The first new economic aggregate since the introduction of GDP

One of the great mysteries of economics as it is now is to say that consumption comprises 60-70% of the economy and that therefore we must stimulate consumption to stimulate economic growth. But the reality is that so far as the value added of different activities go, consumption contributes either around 6-7%, which is the soak up of resources in the retail sector, or 100% which when all is said and done is the ultimate contibution consumer demand makes since final consumption is the point of all economic activity. As with so much in economics today, the problem starts from the Keynesian mindset that pervades macro.

The great Austrian economist, Mark Skousen, has been hassling the American government for many years to fix up the way they gather and report statistics and of all things, they have now begun to supplement their usual national accounting stats with a measure that actually burrows into the data in ways that show the underlying supply-side contribution of different sectors of the economy.

Forbes in its latest issue carries an article by Skousen, Beyond GDP: Get Ready For A New Way To Measure The Economy, which explains what is being done and how it will make a difference.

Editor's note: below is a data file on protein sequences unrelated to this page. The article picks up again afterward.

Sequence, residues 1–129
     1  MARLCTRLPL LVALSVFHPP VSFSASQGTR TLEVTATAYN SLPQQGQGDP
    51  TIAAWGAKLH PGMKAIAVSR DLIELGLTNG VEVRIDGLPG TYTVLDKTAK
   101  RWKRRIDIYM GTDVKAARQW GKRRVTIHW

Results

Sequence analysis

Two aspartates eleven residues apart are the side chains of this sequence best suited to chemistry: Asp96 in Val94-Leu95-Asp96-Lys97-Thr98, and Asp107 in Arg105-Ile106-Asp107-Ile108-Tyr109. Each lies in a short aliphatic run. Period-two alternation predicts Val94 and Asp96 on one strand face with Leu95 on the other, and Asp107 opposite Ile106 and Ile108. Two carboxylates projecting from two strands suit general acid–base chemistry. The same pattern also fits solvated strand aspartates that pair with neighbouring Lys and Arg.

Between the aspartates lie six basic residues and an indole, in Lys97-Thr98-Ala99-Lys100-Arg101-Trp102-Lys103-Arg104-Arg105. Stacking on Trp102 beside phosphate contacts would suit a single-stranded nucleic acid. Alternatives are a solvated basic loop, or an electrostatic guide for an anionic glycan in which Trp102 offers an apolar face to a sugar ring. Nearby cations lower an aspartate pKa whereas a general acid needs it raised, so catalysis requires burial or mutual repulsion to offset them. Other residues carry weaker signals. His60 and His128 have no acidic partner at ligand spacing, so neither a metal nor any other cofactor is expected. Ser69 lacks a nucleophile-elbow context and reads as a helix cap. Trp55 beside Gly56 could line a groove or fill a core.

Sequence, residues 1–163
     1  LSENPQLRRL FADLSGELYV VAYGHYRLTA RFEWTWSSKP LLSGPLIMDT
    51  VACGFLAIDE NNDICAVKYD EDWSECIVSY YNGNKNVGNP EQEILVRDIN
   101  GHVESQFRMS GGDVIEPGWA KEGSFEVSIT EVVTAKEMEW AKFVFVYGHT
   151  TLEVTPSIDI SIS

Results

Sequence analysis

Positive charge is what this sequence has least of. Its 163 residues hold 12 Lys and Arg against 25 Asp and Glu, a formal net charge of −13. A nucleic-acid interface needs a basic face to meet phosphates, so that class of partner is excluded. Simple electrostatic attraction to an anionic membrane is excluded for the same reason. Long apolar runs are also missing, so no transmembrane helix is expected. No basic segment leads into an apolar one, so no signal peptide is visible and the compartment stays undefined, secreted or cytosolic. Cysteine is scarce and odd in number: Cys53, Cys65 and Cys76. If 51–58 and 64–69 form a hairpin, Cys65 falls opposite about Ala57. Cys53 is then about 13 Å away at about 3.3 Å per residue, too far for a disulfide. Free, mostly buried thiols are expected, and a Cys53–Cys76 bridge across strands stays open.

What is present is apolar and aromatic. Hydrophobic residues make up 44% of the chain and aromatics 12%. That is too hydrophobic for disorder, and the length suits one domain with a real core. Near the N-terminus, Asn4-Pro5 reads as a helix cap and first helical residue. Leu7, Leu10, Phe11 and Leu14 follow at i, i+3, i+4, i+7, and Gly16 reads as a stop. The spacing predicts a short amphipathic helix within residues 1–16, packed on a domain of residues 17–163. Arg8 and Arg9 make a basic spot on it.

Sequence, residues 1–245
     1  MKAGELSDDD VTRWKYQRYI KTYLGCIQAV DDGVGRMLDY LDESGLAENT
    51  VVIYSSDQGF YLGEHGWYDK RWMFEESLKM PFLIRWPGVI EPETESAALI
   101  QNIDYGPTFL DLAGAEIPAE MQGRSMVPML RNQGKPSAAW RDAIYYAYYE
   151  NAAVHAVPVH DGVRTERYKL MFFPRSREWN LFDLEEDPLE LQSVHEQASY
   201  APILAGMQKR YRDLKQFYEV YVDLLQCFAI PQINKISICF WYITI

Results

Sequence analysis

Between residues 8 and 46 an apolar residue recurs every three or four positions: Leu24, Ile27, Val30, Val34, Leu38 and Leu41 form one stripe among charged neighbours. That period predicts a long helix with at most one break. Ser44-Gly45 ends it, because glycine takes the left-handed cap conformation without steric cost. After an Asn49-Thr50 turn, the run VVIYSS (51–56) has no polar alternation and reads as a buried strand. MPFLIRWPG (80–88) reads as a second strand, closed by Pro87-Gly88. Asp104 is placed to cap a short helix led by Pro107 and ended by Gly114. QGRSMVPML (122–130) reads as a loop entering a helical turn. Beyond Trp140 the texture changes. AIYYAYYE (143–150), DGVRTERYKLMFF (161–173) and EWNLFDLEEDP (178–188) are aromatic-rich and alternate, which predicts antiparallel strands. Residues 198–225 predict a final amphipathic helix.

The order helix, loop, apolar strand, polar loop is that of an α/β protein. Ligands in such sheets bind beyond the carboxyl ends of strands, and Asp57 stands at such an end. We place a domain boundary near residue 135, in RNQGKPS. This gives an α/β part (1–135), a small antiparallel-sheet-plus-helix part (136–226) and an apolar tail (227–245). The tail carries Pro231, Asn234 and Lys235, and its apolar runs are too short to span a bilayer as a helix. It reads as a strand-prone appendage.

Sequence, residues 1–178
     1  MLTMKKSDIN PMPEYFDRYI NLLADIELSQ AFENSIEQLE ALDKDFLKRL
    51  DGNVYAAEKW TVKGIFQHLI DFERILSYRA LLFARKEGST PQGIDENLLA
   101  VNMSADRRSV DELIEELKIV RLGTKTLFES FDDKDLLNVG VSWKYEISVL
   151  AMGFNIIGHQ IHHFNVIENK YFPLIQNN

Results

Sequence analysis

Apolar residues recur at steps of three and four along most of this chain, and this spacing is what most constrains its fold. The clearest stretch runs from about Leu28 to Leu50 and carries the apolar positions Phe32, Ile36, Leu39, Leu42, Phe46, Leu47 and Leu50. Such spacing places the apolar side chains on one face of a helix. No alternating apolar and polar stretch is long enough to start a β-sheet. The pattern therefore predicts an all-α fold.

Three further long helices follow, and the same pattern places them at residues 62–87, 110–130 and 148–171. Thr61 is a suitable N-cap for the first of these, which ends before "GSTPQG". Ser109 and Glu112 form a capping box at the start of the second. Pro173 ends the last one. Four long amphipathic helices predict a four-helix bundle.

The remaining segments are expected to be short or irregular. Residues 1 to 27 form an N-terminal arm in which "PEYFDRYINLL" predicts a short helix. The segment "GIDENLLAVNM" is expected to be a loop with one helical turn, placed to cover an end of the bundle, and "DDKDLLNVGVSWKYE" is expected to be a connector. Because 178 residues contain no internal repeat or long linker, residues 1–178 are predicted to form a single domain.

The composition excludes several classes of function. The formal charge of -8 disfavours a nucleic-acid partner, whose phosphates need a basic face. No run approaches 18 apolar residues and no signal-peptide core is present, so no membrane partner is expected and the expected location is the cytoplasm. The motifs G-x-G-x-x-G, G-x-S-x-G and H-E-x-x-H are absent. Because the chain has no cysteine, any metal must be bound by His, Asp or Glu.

Starting in spring 2014, the Bureau of Economic Analysis will release a breakthrough new economic statistic on a quarterly basis. It’s called Gross Output, a measure of total sales volume at all stages of production. GO is almost twice the size of GDP, the standard yardstick for measuring final goods and services produced in a year.

This is the first new economic aggregate since Gross Domestic Product (GDP) was introduced over fifty years ago.

The disastrous Keynesian wreckage that has been devastating economies across the world has to a large extent been driven by the Y=C+I+G+X-M formula which everyone learns in first year and then, because it is so ridiculously simple, is never forgotten again. It helps establish in the minds of economists, governments and the public that economies are driven from the demand side when it is the one place that an economy receives no momentum at all. As Mark has put it:

By focusing only on final output, GDP underestimates the money spent and economic activity generated at earlier stages in the production process. It’s as though the manufacturers and shippers and designers aren’t fully acknowledged in their contribution to overall growth or decline.

There are no perfect measures at the aggregate level and the double counting that affects such an aggregate is noted by Skousen. But anything that can finally place the focus on the production side of the economy and end the preoccupation with demand is a massive step forward.

I hope the ABS is taking note.